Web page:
"Growing Pains" of the American Labor Movement

AuthorWilliam M. Leiserson
DOI10.1177/000271624222400102
Published date01 November 1942
Date01 November 1942
Subject MatterArticles
1
"Growing
Pains"
of
the
American
Labor
Movement
By
WILLIAM
M.
LEISERSON
HE
American
labor
movement
is
Tas
old
as
that
of
any
other
country,
yet
we
still
speak
of
its
growing
pains.
Historians
of
labor
in
the
United
States
&dquo;place
the
beginning
of
American
labor
movements
in
the
year
1827
in
Phila-
delphia.
In
that
year
and
place
Ameri-
can
wage
earners
for
the
first
time
joined
together
as
a
class,
regardless
of
trade
lines,
in
a
contest
with
employ-
ers.&dquo;
I
The
Quaker
City’s
local
craft
t
organizations,
known
then
as
trade
as-
sociations,
formed
a
Mechanics
Union
of
Trade
Associations
which
conducted
a
city-wide
strike
for
a
shorter
work
day
to
supplant
the
custom
of
working
from
sun
to
sun.
This
was
the
first
co-
ordinated
movement
of
organized
trades,
the
origin
of
what
we
now
call
central
labor
unions,
or
city
federations
of
la-
bor.
Abroad,
the
first
similar
movement
came
two
years
later
in
Manchester,
England,
although
an
unsuccessful
at-
tempt
to
form
a
union
of
trade
societies
in
that
city
was
made
in
1826.
Philadelphia
was
the
cradle
of
the
American
labor
movement
as
well
as
the
cradle
of
American
liberty.
The
first
organization
of
a
single
trade
and
the
first
wage
earners’
strike
also
occurred
in
Philadelphia.
In
1786
the
printers
&dquo;turned
out&dquo;
demanding
a
minimum
wage
of
six
dollars
a
week,
and
records
of
conspiracy
trials
indicate
that
shoe-
makers
and
tailors
were
not
far
be-
hind
them
in
organizing
and
conducting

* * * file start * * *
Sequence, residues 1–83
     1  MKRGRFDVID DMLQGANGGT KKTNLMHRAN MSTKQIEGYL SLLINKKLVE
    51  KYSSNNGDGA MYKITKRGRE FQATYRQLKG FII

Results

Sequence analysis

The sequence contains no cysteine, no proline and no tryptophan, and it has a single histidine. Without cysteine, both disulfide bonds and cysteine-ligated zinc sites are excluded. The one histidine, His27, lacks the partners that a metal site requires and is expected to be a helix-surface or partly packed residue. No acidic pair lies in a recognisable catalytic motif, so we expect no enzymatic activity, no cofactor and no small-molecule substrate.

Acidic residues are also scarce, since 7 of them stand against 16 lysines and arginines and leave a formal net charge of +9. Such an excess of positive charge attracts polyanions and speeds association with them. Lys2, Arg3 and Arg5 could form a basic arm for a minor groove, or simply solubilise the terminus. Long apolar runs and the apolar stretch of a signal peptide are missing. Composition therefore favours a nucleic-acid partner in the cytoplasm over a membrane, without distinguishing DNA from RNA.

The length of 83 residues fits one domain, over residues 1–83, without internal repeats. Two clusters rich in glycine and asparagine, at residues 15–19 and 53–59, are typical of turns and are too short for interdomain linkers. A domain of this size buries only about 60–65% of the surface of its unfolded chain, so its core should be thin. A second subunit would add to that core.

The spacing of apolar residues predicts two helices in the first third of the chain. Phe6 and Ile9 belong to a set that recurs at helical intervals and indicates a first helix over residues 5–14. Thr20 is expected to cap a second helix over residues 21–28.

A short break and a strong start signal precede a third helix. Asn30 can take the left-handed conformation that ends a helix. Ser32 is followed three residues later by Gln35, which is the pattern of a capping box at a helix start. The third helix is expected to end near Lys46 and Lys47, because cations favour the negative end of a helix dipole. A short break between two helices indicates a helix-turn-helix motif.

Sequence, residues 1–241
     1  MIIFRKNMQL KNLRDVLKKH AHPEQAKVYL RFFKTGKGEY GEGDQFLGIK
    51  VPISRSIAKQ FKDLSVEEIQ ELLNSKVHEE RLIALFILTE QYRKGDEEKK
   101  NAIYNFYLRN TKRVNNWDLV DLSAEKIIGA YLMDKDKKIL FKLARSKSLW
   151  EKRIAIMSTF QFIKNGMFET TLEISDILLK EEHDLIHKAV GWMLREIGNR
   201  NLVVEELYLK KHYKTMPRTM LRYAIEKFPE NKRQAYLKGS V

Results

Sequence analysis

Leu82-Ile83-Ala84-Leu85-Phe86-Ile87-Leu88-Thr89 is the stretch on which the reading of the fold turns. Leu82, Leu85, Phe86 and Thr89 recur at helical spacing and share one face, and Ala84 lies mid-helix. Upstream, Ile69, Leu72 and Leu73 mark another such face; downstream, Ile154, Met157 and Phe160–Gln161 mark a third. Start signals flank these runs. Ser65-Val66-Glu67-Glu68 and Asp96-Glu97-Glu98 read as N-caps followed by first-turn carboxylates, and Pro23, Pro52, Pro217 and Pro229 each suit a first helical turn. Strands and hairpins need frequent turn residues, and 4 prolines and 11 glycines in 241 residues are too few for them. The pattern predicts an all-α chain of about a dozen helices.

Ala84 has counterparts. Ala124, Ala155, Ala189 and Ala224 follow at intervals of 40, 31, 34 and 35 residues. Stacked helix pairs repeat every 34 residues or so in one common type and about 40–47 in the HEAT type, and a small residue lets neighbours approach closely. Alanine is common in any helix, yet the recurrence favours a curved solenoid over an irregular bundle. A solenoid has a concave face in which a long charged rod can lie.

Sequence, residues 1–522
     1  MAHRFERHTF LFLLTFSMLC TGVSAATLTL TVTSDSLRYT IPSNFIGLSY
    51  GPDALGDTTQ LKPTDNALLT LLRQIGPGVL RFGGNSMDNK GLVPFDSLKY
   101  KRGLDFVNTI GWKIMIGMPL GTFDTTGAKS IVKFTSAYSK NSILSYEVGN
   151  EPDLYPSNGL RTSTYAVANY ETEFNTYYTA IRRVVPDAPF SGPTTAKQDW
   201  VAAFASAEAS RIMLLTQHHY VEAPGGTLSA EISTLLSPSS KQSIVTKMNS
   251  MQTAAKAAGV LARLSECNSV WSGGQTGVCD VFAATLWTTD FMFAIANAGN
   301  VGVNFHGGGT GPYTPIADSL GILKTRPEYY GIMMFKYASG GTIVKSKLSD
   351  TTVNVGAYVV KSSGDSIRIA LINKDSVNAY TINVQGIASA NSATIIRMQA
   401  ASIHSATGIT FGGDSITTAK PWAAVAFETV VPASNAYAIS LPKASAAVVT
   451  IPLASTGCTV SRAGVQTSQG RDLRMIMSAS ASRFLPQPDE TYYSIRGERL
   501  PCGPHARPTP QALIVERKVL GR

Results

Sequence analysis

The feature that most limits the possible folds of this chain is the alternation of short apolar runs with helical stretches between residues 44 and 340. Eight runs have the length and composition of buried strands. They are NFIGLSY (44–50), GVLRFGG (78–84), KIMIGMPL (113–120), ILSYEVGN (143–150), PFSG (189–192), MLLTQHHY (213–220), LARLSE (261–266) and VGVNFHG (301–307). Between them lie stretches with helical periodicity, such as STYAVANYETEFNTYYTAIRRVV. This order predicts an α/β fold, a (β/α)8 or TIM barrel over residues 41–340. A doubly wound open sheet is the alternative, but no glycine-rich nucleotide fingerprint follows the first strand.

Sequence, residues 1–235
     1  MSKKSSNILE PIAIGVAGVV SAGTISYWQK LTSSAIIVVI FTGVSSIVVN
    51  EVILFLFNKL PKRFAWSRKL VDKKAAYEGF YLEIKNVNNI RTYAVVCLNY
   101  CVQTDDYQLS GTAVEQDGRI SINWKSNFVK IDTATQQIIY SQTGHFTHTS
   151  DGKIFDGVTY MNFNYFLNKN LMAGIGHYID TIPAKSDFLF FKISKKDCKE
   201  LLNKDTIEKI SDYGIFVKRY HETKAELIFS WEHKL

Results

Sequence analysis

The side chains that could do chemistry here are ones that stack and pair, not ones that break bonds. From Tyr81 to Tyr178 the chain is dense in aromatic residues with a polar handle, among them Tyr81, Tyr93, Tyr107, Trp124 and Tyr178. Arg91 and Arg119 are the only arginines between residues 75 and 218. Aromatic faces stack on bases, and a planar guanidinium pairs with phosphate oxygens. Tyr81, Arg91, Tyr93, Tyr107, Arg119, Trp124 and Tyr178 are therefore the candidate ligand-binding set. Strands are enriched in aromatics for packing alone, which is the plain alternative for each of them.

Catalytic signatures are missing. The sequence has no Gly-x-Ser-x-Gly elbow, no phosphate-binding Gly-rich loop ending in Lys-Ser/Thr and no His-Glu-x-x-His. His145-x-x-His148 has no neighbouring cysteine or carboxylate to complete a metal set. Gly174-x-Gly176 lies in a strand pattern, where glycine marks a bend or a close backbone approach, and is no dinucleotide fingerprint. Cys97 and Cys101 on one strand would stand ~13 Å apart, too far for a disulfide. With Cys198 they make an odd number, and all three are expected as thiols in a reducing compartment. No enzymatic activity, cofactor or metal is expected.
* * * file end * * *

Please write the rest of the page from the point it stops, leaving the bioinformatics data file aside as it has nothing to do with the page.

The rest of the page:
strikes.
The
Philadelphia
movement
of
1827,
which
was
led
by
the
building
trades,
soon
spread
to
New
York
and
other
cities
and
was
accompanied
by
political
movements
in
the
form
of
workingmen’s
parties.
In
1834
we
see
the
mechanics’
unions
of
various
cities
forming
a
National
Trades
Union,
which
functioned
for
several
years,
only
to
disappear
in
the
panic
of
1837.
EXPERIENCE
Is
NOT
LACKING
The
organization
of
American
labor
thus
dates
back
to
the
very
beginning
of
the
United
States
as
a
nation.
It
is
true
that
successful
organization
of
the
mass
production
industries
was
accom-
plished
only
during
the
last
decade;
but
these
industries
themselves
are
rela-
tively
recent
phenomena,
and
their
or-
ganization
was
accomplished
under
the
leadership
of
miners,
clothing
workers,
textile
and
shoe
workers,
who
had
a
ripe
experience
of industrial
unionism
be-
hind
them.
Although
England
saw
the
establishment
of
stable
organizations
of
unskilled
and
semiskilled
workers
prior
to
the
end
of
the
nineteenth
century,
the
labor
movement
in
this
country
was
not
far
behind.
During
the
first
and
second
decades
of
the
present
century
success-
ful
organizations
of
factory
workers
and
unskilled
laborers
were
bargaining
and
maintaining
contracts
with
employers.
Not
until
the
mass
production
industries
were
organized
did
the
proportion
of
American
union
members
to
total
wage
earners
reach
a
percentage
comparable
to
the
British,
but
though
numerically
weaker
until
recent
years,
the
American
labor
movement
within
the
areas
in
which
it
functioned
has
been
as
strong
and
as
fully
developed
as
the
British.
Its
economic
and
political
objectives,
like
its
bargaining
policies,
trade
prac-
tices,
and
strike
methods,
are
as
old
and
tried
as
those
of
any
other
existing
labor
movement.
If
the
American
labor
movement
seems
less
mature,
if
its
troubles
have
the
appearance
of
growing
pains,
this
1
John
R.
Commons
and
associates,
History
of
Labour
in
the
United
States
(Macmillan,
1921),
Vol. 1, p.
25.
at SAGE PUBLICATIONS on December 4, 2012ann.sagepub.comDownloaded from

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